In 1947 thePunjabprovinceofBritish Indiawas divided along religious lines intoWest PunjabandEast Punjab. The westernPunjabwas assimilated into new country ofPakistanwhile the eastPunjabstayed inIndia. This led to massive rioting as both sides committed atrocities against fleeing refugees.
The undividedPunjab, of whichPunjab(Pakistan) forms a major region today, was home to a large minority population ofPunjabiSikhsandHindusunto 1947 apart from the Muslim majority.
At the time of independence in 1947 and due to the ensuing horrendous exchange of populations, the Punjabi Sikhs and Hindus migrated toIndia.Punjabi Muslims were uprooted similarly from their homes inEast Punjabwhich now forms part ofIndia.Approximately 7 million plus who moved toPakistan, over 6 million settled inPunjab.
Agriculturecontinues to be the largest sector ofPunjab's economy. The province is the breadbasket of the country as well as home to the largest ethnic group inPakistan, thePunjabis. Unlike neighbouringIndia, there was no large-scale redistribution of agricultural land. As a result most rural areas are dominated by a small set of feudalisticland-owning families.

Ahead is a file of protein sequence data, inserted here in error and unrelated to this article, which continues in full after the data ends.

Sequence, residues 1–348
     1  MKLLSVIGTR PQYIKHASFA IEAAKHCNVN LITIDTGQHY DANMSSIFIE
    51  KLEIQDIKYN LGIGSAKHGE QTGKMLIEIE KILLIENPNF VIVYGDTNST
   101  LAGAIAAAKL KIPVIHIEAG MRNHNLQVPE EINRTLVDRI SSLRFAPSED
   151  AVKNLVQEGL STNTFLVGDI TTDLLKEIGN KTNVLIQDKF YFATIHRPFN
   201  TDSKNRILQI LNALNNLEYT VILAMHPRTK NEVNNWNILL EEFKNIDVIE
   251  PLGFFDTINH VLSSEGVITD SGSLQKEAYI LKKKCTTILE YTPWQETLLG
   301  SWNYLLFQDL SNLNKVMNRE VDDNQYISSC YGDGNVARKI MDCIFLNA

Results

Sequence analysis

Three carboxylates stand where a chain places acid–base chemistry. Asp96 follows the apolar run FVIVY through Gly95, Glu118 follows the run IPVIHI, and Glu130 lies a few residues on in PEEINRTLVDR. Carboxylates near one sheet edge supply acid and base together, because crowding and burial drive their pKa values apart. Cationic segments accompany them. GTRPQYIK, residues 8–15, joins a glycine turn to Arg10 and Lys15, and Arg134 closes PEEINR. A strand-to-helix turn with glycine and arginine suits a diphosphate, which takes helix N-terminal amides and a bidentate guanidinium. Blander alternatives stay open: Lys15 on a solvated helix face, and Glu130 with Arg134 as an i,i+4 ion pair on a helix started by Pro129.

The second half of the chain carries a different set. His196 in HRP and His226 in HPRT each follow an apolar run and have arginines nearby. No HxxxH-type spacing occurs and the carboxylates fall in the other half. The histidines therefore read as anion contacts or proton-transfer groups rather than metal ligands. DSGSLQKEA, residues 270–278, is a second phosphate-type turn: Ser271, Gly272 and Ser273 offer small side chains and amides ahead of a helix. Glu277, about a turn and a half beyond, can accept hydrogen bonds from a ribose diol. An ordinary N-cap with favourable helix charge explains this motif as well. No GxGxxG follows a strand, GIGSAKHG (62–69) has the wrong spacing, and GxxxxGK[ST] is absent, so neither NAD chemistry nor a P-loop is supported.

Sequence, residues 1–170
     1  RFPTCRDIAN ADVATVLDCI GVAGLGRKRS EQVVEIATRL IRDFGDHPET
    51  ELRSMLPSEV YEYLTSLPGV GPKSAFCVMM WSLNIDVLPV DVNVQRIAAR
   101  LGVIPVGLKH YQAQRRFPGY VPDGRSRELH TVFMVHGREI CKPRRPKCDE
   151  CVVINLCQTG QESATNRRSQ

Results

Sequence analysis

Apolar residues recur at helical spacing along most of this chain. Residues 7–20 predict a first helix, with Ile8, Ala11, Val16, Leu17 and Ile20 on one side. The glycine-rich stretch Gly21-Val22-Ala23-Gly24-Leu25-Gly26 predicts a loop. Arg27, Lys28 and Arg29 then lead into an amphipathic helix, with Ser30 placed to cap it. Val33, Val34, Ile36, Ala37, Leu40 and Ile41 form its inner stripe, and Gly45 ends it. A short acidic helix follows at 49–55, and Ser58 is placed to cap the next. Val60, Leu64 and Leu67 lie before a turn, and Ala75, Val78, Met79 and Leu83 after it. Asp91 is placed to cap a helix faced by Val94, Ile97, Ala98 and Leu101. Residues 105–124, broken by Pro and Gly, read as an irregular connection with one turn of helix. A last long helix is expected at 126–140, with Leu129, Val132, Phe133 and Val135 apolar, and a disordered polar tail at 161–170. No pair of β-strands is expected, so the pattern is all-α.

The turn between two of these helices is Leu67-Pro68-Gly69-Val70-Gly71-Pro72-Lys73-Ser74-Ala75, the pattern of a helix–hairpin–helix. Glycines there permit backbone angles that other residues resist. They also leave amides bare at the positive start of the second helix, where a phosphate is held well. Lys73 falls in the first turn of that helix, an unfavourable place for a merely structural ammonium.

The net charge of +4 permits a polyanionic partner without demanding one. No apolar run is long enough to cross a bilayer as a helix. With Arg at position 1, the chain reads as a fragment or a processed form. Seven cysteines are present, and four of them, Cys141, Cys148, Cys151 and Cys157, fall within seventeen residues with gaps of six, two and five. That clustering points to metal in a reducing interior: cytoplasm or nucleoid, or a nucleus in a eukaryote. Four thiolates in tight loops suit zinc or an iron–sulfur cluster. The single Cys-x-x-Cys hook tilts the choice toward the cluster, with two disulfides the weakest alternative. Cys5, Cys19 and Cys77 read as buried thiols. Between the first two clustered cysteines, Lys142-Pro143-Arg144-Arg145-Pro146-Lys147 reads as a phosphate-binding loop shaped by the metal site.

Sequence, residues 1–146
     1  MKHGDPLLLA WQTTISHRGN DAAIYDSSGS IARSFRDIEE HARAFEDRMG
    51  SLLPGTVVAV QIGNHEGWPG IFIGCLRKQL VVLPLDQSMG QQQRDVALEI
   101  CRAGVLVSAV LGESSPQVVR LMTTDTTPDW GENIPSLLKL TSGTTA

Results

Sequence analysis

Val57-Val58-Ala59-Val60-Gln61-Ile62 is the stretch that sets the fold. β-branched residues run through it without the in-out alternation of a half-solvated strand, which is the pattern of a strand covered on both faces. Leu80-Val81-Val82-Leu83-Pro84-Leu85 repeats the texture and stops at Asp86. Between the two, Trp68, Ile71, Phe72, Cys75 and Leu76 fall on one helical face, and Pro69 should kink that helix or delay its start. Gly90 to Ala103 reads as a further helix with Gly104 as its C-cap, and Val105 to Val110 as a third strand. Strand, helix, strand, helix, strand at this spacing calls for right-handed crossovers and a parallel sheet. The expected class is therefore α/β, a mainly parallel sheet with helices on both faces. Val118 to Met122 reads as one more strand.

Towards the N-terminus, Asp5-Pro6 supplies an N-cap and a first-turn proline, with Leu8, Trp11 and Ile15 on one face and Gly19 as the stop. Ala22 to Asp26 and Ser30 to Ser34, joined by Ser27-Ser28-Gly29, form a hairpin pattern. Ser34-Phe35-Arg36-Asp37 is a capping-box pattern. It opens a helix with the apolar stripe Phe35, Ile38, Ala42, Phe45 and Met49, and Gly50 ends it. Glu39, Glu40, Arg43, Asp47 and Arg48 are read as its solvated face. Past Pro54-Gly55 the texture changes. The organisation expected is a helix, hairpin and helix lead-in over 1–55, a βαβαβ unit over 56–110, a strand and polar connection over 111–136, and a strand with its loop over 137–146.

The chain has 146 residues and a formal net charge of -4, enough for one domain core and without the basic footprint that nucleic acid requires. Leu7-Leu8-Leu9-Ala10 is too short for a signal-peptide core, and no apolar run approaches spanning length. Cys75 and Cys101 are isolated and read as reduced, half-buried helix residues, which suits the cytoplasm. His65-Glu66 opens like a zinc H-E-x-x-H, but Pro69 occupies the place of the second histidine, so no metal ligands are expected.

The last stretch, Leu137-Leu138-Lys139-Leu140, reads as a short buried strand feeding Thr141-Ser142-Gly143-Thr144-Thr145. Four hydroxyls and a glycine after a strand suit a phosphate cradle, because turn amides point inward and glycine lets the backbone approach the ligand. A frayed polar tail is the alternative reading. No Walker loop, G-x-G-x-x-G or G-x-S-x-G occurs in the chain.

Old style Punjabi home in a village near Khansar Bhakkar
In the 1950s there was tension between the eastern and western halves ofPakistan. In order to address the situation, a new formula resulted in the abolition of the province status forPunjabin 1955. It was merged into a single provinceWest Pakistan. In 1972, afterEast Pakistanseceded and becameBangladesh,Punjabagain became a province.
Punjabwitnessed major battles between the armies ofIndiaandPakistanin the wars of1965and1971. Since the 1990sPunjabhosted several key sites ofPakistan's nuclear program such asKahuta. It also hosts major military bases such as atSargodhaandRawalpindi. The peace process betweenIndiaandPakistan, which began in earnest in 2004, has helped pacify the situation. Trade and people-to-people contacts through theWagahborder are now starting to become common. Indian Sikh pilgrims visit holy sites such asNankana Sahib.